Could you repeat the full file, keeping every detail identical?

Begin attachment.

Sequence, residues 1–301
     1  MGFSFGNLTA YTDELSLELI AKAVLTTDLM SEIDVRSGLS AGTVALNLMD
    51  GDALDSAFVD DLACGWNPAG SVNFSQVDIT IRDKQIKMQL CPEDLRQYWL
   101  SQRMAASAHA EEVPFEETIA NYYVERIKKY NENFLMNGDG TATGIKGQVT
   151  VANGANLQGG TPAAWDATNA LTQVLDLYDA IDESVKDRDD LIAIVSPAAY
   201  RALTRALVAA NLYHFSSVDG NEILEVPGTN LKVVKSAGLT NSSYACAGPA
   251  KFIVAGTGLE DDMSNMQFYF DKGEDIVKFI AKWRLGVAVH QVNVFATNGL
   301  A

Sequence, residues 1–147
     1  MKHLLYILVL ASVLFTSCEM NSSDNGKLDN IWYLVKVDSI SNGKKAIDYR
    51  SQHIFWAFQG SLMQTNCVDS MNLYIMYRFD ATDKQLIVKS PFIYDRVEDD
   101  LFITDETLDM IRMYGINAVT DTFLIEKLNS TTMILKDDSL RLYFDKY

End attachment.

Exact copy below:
Sequence, residues 1–301
     1  MGFSFGNLTA YTDELSLELI AKAVLTTDLM SEIDVRSGLS AGTVALNLMD
    51  GDALDSAFVD DLACGWNPAG SVNFSQVDIT IRDKQIKMQL CPEDLRQYWL
   101  SQRMAASAHA EEVPFEETIA NYYVERIKKY NENFLMNGDG TATGIKGQVT
   151  VANGANLQGG TPAAWDATNA LTQVLDLYDA IDESVKDRDD LIAIVSPAAY
   201  RALTRALVAA NLYHFSSVDG NEILEVPGTN LKVVKSAGLT NSSYACAGPA
   251  KFIVAGTGLE DDMSNMQFYF DKGEDIVKFI AKWRLGVAVH QVNVFATNGL
   301  A

Sequence, residues 1–147
     1  MKHLLYILVL ASVLFTSCEM NSSDNGKLDN IWYLVKVDSI SNGKKAIDYR
    51  SQHIFWAFQG SLMQTNCVDS MNLYIMYRFD ATDKQLIVKS PFIYDRVEDD
   101  LFITDETLDM IRMYGINAVT DTFLIEKLNS TTMILKDDSL RLYFDKY